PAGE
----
Joe Bolen the PureTech Health CSO said “Consistent with our strategy of addressing the impairments of the brain, gut, and immune systems, targeting the mTORC1 pathway offers us a compelling opportunity to address conditions impacting these adaptive systems.” He further added “Impairment of adaptive and innate immune system robustness underlies age-associated immunosenescence. Inhibition of the mTORC1 pathway has proven to be effective in re-establishing T-cell composition and function, which in turn can revitalize immune homeostasis.”
The reason why anti-aging drugs are traditionally not developed
Historically, no drugs have been developed to target the aging processes; there are a number of reasons for this. Firstly, it is clinically very difficult to prove efficacy of life-extending drugs in humans, as relatively speaking we live for a very long time; it is easy to conduct tests in mice, rats, worms, and yeast, as they live far shorter lives.
Fortunately, the development of increasingly better biomarkers has started to improve this situation. Reasonable projections can be made for potential lifespan increases based on standard survival curves referenced against biological age. The way to solve this problem is to create comprehensive ways of measuring biological age and a number of companies are engaged in exactly that.
Secondly, the field of life extension has traditionally been viewed with extreme skepticism and was (and still is) haunted by quacks and snake oil salesmen hindering the legitimate researchers. It is hard for most people to tell the difference between a charlatan and a real researcher, so this leads many people to consider the entire field as quackery not to be taken seriously.
Thankfully, this has started to change in recent years, as more and more respected researchers have gotten involved and the results have started mounting up to support the idea. Groups like the SENS Research Foundation have existed for over a decade and have been advocating a repair approach to aging, and whilst it has been a slow uphill battle to change perceptions about aging, the tide is starting to turn in the face of ever more promising research.
Thirdly, current regulations mean aging cannot just be generally targeted, as it has various processes and none of them are officially accepted as a disease even though they lead to age-related pathology. This is the biggest problemm and whilst pressure to classify aging as a disease has increased in recent years, it will be some time before such things are potentially accepted. Solving this will be a long and hard slog to convince regulatory authorities combined with mountains of scientific evidence to support it.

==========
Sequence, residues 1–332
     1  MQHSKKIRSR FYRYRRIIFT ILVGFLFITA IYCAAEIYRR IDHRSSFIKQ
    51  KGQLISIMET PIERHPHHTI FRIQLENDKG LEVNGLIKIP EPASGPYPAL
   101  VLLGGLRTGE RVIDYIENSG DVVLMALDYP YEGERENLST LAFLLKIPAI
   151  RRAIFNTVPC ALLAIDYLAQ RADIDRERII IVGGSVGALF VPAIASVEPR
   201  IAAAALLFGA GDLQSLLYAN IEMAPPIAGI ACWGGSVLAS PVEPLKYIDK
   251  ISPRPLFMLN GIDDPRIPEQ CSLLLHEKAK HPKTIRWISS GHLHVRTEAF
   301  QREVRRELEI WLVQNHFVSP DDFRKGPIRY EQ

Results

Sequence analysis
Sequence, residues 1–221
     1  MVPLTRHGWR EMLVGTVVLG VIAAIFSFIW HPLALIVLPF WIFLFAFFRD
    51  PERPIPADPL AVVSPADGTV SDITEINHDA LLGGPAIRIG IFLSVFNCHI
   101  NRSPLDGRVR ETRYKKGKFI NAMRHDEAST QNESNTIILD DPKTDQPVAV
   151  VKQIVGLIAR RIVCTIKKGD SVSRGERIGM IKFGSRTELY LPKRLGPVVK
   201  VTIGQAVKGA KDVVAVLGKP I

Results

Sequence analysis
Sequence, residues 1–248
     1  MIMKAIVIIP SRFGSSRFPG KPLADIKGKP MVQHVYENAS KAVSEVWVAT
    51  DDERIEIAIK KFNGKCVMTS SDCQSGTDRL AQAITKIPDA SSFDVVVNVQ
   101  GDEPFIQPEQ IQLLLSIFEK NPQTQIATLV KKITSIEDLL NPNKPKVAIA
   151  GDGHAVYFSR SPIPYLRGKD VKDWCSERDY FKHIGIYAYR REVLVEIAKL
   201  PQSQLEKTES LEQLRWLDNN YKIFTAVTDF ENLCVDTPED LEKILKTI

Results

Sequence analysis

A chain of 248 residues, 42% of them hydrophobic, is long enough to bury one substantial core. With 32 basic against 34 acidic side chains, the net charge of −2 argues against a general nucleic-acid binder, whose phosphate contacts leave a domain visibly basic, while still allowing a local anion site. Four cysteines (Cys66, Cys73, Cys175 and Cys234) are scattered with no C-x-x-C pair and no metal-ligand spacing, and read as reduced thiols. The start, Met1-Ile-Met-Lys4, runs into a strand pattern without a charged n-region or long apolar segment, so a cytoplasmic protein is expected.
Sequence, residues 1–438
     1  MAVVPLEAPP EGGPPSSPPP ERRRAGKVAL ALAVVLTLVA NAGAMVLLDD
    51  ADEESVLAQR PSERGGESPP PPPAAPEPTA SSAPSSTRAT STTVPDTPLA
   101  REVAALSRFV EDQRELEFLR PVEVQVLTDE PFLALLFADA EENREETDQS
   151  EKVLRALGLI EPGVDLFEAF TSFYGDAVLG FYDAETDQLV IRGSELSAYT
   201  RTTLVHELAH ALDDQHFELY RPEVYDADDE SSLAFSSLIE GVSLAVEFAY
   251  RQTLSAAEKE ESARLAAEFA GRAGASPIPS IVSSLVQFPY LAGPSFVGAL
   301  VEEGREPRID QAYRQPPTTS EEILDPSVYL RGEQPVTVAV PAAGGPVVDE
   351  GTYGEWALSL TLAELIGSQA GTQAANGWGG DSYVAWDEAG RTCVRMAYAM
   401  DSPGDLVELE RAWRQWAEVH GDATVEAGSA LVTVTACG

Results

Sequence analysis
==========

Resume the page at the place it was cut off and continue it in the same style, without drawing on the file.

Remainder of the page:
Until then, companies are opting to get age-related therapies through the regulatory gauntlet by targeting the aging mechanisms but stating a particular disease condition. This is why resTORbio will focus on immunosenescence, as it is a well-documented phenomenon which can be easily measured to determine efficacy, and can be related to specific diseases.
Until the idea of preventative repair strategies directly targeting the aging processes becomes mainstream, companies will have to continue jumping through regulatory hoops in order to get these new drugs and therapies into practice.
Part of changing established ideas and creating that shift in paradigm is supporting fundamental and breakthrough research through grassroots fundraising. The more scientific evidence to support a repair approach to aging diseases, the sooner established ideas will change.
This is the power of a grassroots movement and what we do now could have huge impact in the years to come. We are hoping to play our part in this at LEAF using the Lifespan.io platform to fundraise for science and taking part in activism and education.
In closing, we are very pleased to hear the news that yet another large, well-funded company is getting involved in the science of longevity, and we can only hope that this encourages others to do the same.